Philips develops brainwave-controller for ALS patients
Dutch multinational Philips, together with US firm Accenture, has developed proof-of-concept software that helps patients suffering from Amiotrophic Lateral Sclerosis (ALS), also known as Motor Neurone Disease, to achieve a better quality of life in the latter phases of their lives.
The technology will allow patients with this crippling disease to be able to maintain a degree of independence by being able to command various electronic apparatus, such as TVs, lamps and emergency helplines.
An estimated 400,000 people worldwide suffer from ALS, many with a life expectancy of only 4-5 years. Whilst their physical condition worsens, many becoming totally paralysed, their mental faculties remain intact. Those that can talk can use speech-command tools. Later, they may only be able to use eye-commands, or facial muscles to control essential apparatus.
The Braincommand-system developed by Philips and Accenture, allows patients to operate apparatus using brainwaves transmitted via a special EEG-headset. Using only two separate thought commands, patients can scroll back and forth in a menu of options. Although, as mentioned, the project is only at proof-of-concept phase and is not commercially available yet, it shows much promise for ALS patients and also for many other illnesses.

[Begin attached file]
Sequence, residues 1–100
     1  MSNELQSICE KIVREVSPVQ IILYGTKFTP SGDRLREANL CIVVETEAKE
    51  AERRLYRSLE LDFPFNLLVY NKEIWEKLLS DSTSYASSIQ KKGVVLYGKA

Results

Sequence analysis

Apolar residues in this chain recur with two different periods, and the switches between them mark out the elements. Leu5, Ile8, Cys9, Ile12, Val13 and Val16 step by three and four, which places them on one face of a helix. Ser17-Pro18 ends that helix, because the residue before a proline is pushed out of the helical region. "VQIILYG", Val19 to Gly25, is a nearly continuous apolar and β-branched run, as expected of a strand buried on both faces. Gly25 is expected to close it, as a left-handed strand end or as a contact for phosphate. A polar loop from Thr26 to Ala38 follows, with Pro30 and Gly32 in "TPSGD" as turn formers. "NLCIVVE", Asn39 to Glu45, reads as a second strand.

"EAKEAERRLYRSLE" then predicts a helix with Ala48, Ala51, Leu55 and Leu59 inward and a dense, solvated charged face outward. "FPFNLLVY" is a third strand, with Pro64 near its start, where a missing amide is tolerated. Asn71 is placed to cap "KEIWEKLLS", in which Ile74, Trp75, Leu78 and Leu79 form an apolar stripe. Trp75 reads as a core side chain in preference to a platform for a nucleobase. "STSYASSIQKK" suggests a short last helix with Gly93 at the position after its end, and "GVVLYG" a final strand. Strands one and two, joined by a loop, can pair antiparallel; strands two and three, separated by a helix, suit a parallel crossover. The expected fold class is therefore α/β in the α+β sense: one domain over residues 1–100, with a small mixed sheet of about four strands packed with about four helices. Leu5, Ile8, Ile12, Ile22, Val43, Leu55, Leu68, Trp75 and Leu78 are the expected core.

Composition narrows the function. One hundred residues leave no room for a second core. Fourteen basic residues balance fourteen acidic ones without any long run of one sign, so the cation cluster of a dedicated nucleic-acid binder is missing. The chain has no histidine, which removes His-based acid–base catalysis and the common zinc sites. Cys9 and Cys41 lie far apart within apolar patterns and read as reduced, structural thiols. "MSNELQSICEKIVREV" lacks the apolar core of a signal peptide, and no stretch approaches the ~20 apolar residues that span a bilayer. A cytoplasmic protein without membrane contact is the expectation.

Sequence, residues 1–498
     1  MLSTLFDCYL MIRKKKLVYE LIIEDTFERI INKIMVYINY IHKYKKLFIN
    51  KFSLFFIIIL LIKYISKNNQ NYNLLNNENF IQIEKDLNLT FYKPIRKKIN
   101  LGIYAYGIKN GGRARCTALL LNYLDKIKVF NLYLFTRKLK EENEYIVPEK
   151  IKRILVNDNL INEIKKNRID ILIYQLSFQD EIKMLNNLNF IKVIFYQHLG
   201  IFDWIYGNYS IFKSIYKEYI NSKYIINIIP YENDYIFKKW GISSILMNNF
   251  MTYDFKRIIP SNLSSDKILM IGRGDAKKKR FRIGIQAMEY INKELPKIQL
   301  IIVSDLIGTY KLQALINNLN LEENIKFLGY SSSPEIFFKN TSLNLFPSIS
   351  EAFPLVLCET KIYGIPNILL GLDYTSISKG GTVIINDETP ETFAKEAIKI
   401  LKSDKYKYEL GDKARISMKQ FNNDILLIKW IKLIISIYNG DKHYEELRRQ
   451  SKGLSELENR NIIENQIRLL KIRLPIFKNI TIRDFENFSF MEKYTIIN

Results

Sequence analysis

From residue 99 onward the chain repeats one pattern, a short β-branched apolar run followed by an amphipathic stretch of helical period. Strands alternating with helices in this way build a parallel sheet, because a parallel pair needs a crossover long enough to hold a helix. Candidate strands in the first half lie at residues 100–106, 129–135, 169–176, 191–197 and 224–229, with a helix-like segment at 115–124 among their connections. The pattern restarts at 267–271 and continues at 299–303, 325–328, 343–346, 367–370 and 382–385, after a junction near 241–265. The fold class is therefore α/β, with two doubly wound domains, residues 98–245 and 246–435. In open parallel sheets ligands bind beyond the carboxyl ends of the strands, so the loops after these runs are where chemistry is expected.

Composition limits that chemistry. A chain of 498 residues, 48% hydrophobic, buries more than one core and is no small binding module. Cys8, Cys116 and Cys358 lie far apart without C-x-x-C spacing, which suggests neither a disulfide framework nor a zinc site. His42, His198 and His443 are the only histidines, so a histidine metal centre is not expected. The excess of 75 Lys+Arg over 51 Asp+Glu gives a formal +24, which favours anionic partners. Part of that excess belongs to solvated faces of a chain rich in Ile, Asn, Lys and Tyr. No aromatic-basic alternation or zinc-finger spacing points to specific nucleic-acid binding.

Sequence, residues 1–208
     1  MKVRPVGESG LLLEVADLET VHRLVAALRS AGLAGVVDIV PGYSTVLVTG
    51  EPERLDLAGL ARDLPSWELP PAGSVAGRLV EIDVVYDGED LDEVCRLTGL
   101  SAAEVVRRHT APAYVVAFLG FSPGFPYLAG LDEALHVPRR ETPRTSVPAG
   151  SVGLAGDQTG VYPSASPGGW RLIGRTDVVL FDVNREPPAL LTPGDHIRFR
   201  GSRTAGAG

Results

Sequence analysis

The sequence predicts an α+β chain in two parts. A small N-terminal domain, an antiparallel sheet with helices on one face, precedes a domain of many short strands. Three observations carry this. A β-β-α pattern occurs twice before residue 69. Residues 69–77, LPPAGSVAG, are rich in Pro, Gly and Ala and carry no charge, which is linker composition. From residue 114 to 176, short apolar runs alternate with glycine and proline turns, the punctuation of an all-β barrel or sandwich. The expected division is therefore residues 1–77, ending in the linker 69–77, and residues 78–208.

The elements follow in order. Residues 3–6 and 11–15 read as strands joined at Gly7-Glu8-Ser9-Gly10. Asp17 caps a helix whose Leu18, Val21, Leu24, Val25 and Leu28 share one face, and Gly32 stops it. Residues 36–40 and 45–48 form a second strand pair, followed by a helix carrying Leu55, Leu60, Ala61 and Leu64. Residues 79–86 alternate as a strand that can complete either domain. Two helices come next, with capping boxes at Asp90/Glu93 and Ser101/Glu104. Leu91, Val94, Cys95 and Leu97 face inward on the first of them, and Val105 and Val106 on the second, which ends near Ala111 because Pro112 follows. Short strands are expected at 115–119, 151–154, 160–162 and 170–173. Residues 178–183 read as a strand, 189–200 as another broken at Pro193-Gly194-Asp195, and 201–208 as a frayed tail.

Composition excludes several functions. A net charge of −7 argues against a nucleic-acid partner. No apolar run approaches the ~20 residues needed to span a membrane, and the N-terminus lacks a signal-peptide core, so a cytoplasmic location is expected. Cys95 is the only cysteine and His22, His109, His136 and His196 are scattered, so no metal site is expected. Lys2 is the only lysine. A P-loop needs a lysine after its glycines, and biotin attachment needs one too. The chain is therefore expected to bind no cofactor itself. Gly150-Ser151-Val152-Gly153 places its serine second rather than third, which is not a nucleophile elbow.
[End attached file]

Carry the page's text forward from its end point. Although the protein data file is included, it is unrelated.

Philips has a very strong focus on healthcare and the improvement of patients. Their holistic approach seeks to integrate patients with the technology they rely on, and their immediate environment, so as to provide a comprehensive care scenario.